One of the more frustrating facts about Debian / Stretch is that its maintainers have broken with tradition, by no longer providing any compatibility versions of the main compilers, GCC, CPP and C++, which provide CC and C++ -language support, useful in 90% (+) of all programming that takes place. Instead, Debian / Stretch provides GCC / CPP / C++ version 6.3 alone. What I had already written about was, that the version of the CUDA Run-Time and Toolkit available from the standard repositories, has remained v8.0.44 for the time being. This CUDA Version does not support CC or C++ version 6 because version 6 of these compilers is too high!
One way in which power-users could try to remedy this situation would be, to install some sort of compatibility version of CC / C++, even though none is offered in the standard repositories. But, when we try to custom-compile let’s say, GCC v5.3, which would already be low enough for CUDA 8.0.44 to support, we find that GCC 6.3 is just plain unable to compile GCC 5.3, no matter what.
And so another way to solve the same problem can be, to
add the old Debian Jessie / Oldstable repositories to our sources list, and then just to install from there.
I find this to be an extremely bad idea.
First of all, Debian differs from Ubuntu, in that Debian never provided GCC 5.3. In Debian / Jessie, what we got was GCC 4.8, or maybe even v4.9. But more importantly, simply sandwiching two incompatible repositories together can create a fatal set of problems.
What I was finally able to do, was just to download roughly a dozen packages as binaries, from the Debian Repository Web-site, which finally provided GCC, CPP and C++ v4.8. The path I took required that I run into the error message numerous times that dependencies could not be satisfied, because under Debian, neither ‘/usr/bin/gcc’ nor ‘/usr/bin/c++’ are provided by a single, binary package. Each is provided by packages, that depend uniquely on other packages, that are also not in the repositories.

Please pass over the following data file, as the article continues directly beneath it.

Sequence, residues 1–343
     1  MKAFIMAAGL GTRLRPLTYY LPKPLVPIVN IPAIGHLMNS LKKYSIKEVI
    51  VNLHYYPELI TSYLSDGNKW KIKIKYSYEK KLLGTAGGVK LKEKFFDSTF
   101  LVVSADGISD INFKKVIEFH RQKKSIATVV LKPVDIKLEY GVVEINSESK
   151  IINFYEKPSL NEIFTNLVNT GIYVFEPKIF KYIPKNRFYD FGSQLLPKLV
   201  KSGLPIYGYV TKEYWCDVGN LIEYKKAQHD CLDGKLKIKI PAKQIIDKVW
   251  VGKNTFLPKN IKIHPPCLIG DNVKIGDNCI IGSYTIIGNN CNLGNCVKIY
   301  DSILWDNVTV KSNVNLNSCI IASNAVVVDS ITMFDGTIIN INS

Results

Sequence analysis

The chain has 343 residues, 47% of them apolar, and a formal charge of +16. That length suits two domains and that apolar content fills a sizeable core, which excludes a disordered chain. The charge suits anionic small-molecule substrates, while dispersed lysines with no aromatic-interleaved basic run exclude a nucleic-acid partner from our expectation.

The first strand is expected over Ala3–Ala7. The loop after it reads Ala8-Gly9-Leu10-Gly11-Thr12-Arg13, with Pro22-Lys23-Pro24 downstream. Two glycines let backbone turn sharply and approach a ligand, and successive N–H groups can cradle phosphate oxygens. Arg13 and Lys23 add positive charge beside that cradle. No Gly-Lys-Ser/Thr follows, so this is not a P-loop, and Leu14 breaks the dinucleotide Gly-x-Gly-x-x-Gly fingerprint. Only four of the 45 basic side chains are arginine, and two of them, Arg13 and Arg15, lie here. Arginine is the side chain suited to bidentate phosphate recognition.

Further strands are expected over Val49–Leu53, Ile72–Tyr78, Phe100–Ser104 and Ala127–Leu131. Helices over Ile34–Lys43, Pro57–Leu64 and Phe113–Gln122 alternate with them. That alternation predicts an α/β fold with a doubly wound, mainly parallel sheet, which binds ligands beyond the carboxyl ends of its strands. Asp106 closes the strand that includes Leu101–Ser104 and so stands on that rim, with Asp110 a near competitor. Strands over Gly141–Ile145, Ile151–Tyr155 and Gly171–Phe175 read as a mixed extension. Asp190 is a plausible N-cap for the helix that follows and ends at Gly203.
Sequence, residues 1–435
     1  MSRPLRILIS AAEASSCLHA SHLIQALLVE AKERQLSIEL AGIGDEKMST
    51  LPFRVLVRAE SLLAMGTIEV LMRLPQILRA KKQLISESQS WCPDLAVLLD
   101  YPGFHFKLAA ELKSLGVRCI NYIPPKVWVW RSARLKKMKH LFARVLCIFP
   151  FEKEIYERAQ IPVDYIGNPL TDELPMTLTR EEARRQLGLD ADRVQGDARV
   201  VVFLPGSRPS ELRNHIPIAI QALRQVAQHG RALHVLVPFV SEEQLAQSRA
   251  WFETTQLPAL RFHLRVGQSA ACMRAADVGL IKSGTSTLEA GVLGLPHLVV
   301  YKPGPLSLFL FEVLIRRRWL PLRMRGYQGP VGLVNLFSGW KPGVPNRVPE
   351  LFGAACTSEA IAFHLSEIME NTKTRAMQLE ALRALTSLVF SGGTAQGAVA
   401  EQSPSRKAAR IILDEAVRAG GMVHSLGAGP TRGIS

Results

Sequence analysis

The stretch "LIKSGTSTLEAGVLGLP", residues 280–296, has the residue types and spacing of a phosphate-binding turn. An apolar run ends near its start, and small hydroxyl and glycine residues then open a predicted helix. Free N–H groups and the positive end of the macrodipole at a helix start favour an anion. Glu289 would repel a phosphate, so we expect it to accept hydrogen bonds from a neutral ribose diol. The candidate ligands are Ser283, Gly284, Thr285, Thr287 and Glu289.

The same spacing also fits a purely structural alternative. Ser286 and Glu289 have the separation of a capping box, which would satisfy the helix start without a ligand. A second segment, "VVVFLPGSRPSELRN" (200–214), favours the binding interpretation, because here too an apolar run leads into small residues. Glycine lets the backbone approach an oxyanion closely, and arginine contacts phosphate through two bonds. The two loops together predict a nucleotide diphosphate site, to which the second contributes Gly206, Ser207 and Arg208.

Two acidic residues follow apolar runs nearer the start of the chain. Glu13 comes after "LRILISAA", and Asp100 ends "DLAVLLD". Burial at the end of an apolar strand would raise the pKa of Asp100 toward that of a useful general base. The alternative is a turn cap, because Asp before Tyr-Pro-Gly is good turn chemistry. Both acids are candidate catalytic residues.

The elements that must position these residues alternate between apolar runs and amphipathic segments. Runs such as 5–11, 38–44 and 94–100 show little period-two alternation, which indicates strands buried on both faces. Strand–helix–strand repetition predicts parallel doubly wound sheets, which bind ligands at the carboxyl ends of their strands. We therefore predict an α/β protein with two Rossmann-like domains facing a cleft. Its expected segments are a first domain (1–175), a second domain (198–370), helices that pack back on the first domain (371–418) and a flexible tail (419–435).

Further, once the power-user has in fact installed binaries, after making sure that none of their file-names overlap, he must also create a system of Debian Alternatives, that allow him to switch between compilers easily. The problem with that is the fact that because, under Debian / Stretch, no provision was ever made by Package Maintainers for alternatives to exist, automatic mechanisms have also not been provided, to install ‘Link Groups’. The Link Groups ‘cc’, ‘cpp’ and ‘c++’ exist, but only in such a way as to provide one executable each.
As I was doing my best to install the Link Groups, I made a mistake, which simply over-wrote ‘/usr/bin/gcc’ with a different symlink, and which therefore forced me to (1) delete the link-group, and (2) reinstall GCC 6.3 from the package manager. After that, a new attempt to set up the link-groups succeeded: